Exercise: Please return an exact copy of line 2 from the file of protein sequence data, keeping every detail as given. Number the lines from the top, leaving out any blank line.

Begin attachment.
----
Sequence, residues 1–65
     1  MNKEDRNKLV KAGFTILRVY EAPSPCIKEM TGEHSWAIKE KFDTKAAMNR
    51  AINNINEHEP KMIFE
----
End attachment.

     1  MNKEDRNKLV KAGFTILRVY EAPSPCIKEM TGEHSWAIKE KFDTKAAMNR